The BitGo and BitGo-branded Bitcoin ATMs have been ordered by a federal judge in Washington State to cease operations, after it was revealed that their operators were engaged in illegal activities and that they were running their machines with unauthorized software.
BitGo has been in dispute with the US Securities and Exchange Commission over its ATM network and its alleged violations of federal anti-money laundering laws.
The two firms have been at loggerheads for months and have been embroiled in a dispute with federal regulators over the matter.
The US Attorney’s Office for the District of Columbia filed a lawsuit against BitGo in August 2017, alleging that the company failed to properly control its ATM operations.
Bitgo responded by filing a counter-suit against the SEC on November 11.
The case will be heard by a judge later this month.
The suit states that the two companies “knowingly and intentionally engaged in multiple violations of the federal money laundering laws and the Bank Secrecy Act.”
The judge will decide whether to make the proposed settlement with BitGo public.
BitGO and its affiliates are among the largest Bitcoin ATM operators in the US.
The company also operates ATMs in New York City, Las Vegas and Atlanta, Georgia.
On Wednesday, the company posted a notice on its website, saying it was terminating its service with the Federal Reserve Bank of New York.
“Due to the actions of these criminals and their attempts to take advantage of the vulnerable customer, Bitgo will not be accepting new orders and will discontinue its Bitcoin ATMS services at the end of the month,” the notice read.
BitGox CEO Adam Back told CoinDesk that the decision was a difficult one to take.
“I think it’s hard for us to accept,” he said.
“But we’ve been working hard with the federal authorities, and we’ll continue to do so.”
Back said that the Federal Deposit Insurance Corporation and the Bureau of Alcohol, Tobacco, Firearms and Explosives had been involved in the matter, and that the court’s decision would not affect the two regulators’ ability to monitor BitGo’s operations.
He also said that BitGo had hired a law firm to represent it, which would help it fight the lawsuit.
BitMex is the second major Bitcoin ATM operator to terminate its service after the SEC sued the company last month.
In November, BitMEX announced that it was ending its partnership with the BitPay exchange platform.
“While we were disappointed that we were unable to meet the court order, we’re happy that the judge is considering our side of the story,” BitMec said in a statement.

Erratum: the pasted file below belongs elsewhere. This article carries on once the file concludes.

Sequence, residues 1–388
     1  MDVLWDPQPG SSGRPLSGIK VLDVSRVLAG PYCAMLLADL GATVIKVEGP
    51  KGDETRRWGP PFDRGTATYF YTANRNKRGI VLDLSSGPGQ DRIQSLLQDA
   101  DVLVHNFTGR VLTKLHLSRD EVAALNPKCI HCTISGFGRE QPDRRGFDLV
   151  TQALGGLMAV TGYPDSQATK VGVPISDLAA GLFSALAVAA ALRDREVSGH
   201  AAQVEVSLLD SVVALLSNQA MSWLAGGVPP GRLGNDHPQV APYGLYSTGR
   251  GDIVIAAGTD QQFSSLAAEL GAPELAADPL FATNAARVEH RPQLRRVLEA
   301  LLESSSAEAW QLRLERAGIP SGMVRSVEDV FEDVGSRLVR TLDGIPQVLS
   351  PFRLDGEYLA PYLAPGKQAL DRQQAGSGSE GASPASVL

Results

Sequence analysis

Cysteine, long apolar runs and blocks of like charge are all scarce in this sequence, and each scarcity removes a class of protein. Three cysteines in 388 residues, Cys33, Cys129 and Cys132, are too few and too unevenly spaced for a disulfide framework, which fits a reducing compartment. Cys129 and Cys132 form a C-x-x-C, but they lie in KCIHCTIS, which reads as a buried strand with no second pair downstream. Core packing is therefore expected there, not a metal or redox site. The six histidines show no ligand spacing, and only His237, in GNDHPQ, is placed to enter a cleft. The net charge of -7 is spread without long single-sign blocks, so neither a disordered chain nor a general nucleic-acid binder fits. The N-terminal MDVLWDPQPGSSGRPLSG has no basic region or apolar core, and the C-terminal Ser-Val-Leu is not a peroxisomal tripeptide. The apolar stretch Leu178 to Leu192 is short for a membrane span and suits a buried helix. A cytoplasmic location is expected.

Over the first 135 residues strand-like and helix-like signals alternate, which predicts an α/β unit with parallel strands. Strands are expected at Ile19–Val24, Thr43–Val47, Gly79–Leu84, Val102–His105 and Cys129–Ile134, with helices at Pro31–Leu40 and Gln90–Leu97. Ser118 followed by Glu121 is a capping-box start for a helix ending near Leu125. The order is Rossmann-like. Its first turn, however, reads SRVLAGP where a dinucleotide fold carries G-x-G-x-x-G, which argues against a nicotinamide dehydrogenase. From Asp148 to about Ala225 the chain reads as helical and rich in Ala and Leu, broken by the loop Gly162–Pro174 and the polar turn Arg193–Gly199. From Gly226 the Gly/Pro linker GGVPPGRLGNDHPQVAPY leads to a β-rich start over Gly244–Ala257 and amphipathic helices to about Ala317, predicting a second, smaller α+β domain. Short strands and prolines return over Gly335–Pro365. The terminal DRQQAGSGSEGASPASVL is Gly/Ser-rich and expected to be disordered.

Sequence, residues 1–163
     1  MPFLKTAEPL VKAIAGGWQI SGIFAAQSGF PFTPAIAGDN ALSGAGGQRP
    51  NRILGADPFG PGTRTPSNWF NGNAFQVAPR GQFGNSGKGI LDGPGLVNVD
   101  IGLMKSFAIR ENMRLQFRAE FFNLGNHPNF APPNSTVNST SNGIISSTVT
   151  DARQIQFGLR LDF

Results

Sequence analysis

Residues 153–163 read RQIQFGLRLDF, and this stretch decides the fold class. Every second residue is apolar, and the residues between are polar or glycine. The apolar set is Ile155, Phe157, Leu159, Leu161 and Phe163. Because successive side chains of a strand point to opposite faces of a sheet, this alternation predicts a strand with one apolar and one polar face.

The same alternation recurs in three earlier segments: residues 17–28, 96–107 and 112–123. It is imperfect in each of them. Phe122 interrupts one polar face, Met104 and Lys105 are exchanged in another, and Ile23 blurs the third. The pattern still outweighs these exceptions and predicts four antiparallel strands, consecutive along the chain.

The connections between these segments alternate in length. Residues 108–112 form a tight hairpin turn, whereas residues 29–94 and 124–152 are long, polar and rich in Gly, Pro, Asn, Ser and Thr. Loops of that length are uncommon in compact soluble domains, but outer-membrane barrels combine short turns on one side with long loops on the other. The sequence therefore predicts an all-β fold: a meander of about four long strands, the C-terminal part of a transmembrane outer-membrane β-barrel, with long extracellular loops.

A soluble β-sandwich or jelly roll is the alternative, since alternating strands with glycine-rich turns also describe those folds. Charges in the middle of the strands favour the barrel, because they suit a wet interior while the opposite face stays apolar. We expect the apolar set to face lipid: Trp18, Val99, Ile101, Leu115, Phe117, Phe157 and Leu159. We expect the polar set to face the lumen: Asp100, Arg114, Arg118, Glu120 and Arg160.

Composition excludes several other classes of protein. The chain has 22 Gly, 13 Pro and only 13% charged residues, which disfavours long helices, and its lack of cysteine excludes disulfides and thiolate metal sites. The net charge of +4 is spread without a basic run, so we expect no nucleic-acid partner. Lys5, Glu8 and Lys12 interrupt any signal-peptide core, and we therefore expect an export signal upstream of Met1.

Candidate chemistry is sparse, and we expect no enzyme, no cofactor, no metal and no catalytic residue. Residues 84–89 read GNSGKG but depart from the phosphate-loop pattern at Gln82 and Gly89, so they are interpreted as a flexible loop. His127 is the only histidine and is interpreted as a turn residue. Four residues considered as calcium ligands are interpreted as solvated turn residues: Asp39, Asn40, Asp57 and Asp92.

“We continue to believe that our compliance with all applicable laws and regulations is a top priority, and will continue to take all steps necessary to ensure BitPay’s continued success.”
BitGo CEO Adam back in a press conference in November.
“They’re trying to get the money laundering charges against us litigated and it’s a bad outcome,” he told CoinMarketCap.
“So the question is, will they actually litigate and get a verdict against them?
BitPay CEO and co-founder Fred Ehrsam told CoinJournal that the BitGo decision had nothing to do with the case. “
And they won’t have any incentive to work with us because we will never be able to make a profit and we will always lose money and that’s why I think BitGo is going to be a great competitor.”
BitPay CEO and co-founder Fred Ehrsam told CoinJournal that the BitGo decision had nothing to do with the case.
“As the BitGoke CEO and founder, I have full confidence in Fred Ehresam, the Bitgo team, and their compliance with US laws and regulators,” he added.
“BitGo is an American company that is fully committed to the US dollar and our US regulatory system, and to its customers and the millions of Americans that rely on them.
This decision is simply the result of their illegal activities, which are completely inconsistent with BitGogo’s stated goals and principles.”
The BitMox and BitGapo companies were involved in a similar dispute with regulators last year.
In May, a federal court ordered BitMepox to pay $1.9 million to US prosecutors in the case, which resulted in the shutdown of BitGolems and BitMeps.
In December, a different US judge ruled that the companies could not continue operating in the state of California, after the two operators were ordered to cease operating by regulators.
The companies said that they had not received any notification of their latest settlement from the federal government.
“In light of the latest ruling, BitGoles and BitMpos have decided to terminate their operations in California.
We are working closely with the relevant authorities to determine the next steps for our businesses,” the companies said in their statement.
The regulators also ordered BitGo, BitMpo and BitGa on Thursday to cease accepting new business from third parties and refund customers.
“The proposed settlement resolves